When we can, let’s use Signal instead of WhatsApp.

(Post updated on January 8, 2021. See section at the end.)

Screenshot of Signal.
Signal, the open source messaging and voice calling app that does end-to-end encryption.

The whole world is using WhatsApp to message each other. I often do too, because I want to inter-operate with the rest of the world.

However, WhatsApp belongs to Facebook.

Although Facebook has promised otherwise (fast-forward a few years: Yes, they did break that promise. See updates at the end of this post.), the temptation to link all of your WhatsApp messages with Facebook logins (a straight-forward process, as they have the mobile phone numbers of a great number of their users) must be quite tempting to the people at Facebook. Imagine how well they would then be able to target their advertising, based on their access to both your Facebook profile and your private WhatsApp messages!

Fortunately, we now have an open source app, called Signal (available on Android, IOS and the desktop), which performs end-to-end encryption on all messages and voice calls that go through it. This means that absolutely no-one is able to read your messages or eavesdrop on your voice calls, except the intended recipients.

My request is that you get your contacts to install and start using Signal instead of WhatsApp wherever possible. At the very least some of our messages will not be accessible to various large corporations and any other prying eyes. If the security argument is not enough for you, there is one more extremely important topic: Signal handles animated gifs better than WhatsApp, at least on Android. (Telegram supports them on both Android on IOS, but it is by default less secure than Signal). See here the results of my experiments:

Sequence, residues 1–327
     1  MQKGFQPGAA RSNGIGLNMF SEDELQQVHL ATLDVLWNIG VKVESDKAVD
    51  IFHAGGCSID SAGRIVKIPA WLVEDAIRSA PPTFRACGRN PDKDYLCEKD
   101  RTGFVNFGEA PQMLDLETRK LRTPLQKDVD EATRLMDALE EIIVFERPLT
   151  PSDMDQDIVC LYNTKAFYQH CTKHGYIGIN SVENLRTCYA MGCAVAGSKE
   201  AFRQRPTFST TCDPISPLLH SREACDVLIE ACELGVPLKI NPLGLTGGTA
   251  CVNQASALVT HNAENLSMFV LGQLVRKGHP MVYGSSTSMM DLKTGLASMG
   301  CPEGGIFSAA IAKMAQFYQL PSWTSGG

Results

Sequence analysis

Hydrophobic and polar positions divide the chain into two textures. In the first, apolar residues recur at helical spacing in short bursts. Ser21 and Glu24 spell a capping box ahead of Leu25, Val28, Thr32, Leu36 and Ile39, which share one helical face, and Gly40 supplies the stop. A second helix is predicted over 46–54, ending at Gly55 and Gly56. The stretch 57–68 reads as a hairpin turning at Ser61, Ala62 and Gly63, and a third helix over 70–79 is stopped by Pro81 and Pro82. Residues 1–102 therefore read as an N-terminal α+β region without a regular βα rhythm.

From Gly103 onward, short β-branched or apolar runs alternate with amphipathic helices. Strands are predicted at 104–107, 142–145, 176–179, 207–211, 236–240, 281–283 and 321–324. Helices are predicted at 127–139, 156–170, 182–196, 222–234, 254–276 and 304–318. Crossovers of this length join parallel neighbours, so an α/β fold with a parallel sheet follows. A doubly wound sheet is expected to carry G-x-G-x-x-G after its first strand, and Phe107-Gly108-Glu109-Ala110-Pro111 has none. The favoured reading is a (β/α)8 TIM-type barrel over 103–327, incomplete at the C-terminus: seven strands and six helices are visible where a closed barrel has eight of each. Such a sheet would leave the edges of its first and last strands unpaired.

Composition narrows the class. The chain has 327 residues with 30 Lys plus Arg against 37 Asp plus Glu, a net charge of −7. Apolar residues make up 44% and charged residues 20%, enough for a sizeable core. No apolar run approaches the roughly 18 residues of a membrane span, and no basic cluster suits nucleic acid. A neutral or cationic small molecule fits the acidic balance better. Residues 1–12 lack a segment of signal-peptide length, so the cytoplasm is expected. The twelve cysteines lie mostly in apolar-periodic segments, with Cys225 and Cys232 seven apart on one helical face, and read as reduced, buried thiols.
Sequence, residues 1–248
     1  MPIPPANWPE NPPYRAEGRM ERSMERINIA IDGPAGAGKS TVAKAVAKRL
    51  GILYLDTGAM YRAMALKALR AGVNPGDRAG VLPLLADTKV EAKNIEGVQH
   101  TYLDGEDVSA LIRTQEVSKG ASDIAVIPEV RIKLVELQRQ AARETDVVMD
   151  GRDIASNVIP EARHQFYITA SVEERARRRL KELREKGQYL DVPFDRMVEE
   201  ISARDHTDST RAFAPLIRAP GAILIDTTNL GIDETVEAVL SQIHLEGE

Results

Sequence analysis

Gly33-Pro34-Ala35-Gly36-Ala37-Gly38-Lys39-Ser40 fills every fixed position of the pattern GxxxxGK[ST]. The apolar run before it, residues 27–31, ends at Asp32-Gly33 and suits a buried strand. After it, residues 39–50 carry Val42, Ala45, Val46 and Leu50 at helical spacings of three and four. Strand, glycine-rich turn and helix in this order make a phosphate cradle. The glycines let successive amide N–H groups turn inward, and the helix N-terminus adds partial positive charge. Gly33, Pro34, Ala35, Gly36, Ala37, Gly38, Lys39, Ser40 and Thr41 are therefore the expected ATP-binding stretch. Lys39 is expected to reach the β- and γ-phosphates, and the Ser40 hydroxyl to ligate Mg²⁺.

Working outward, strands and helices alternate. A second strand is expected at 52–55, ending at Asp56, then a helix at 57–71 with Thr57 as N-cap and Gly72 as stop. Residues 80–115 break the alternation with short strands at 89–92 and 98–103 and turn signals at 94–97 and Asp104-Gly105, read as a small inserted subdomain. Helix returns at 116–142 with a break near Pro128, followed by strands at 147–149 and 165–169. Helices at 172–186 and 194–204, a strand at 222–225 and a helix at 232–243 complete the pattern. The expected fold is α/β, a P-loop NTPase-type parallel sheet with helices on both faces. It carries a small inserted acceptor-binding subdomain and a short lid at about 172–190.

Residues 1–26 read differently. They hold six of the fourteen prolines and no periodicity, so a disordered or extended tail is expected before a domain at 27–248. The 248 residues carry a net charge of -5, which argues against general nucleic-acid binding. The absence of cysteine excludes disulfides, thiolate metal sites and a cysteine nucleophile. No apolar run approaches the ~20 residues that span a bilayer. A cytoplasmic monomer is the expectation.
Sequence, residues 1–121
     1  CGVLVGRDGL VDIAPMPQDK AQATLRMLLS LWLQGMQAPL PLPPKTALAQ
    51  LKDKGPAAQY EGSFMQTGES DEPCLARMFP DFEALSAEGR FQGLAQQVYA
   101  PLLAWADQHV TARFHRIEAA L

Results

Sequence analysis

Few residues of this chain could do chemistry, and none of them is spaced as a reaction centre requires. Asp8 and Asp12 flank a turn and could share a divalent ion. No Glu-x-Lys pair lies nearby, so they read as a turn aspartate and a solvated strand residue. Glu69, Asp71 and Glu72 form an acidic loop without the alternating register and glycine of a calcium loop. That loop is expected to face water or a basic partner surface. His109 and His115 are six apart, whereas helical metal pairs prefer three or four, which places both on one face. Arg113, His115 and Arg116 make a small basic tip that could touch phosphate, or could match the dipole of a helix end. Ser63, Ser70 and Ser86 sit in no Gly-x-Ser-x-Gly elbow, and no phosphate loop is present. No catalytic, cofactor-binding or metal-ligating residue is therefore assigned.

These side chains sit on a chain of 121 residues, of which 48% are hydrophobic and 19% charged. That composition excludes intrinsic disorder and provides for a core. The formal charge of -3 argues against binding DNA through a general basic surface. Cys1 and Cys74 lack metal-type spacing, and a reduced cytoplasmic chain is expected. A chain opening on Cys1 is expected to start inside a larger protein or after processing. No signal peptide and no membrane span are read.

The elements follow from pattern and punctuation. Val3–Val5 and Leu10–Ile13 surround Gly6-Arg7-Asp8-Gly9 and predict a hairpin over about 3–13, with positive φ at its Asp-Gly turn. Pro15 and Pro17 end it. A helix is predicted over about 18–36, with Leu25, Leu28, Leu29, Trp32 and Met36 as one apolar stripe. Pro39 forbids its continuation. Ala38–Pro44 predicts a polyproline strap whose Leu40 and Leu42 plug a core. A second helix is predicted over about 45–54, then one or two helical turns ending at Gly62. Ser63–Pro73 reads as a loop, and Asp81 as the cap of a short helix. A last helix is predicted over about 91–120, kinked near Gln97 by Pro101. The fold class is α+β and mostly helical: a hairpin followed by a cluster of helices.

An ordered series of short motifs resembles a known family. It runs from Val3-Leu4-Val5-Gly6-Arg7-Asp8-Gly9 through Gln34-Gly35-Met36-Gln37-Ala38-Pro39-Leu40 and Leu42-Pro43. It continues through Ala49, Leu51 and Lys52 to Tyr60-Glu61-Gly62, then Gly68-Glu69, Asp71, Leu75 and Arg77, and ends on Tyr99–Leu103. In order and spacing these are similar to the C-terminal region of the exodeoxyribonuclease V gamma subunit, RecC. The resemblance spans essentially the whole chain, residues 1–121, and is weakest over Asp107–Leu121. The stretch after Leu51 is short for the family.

January 8, 2021

By now, if you use WhatsApp, the app will have forced you to accept the new privacy and data sharing agreement.

As is explained in this post on arstechnica:

Under the new terms, Facebook reserves the right to share collected data with its family of companies.

In other words, even more of the personal data of 2 billion or so WhatsApp users will be integrated with everything Facebook knows about them and about you, including all of your connections to each other on all of the facebook platforms, including facebook itself, instagram and whatsapp.

Like many of you, to interoperate with the world I do need to keep WhatsApp, but I would greatly prefer chatting with you on Signal.

August 25, 2016

The Verge reported that WhatsApp will now officially begin sharing data with Facebook. They will indeed link up telephone numbers and social networks, meaning that both parties will get a tremendous boost in what they know about you. I don’t want to say I told you so, but I told you so. ;)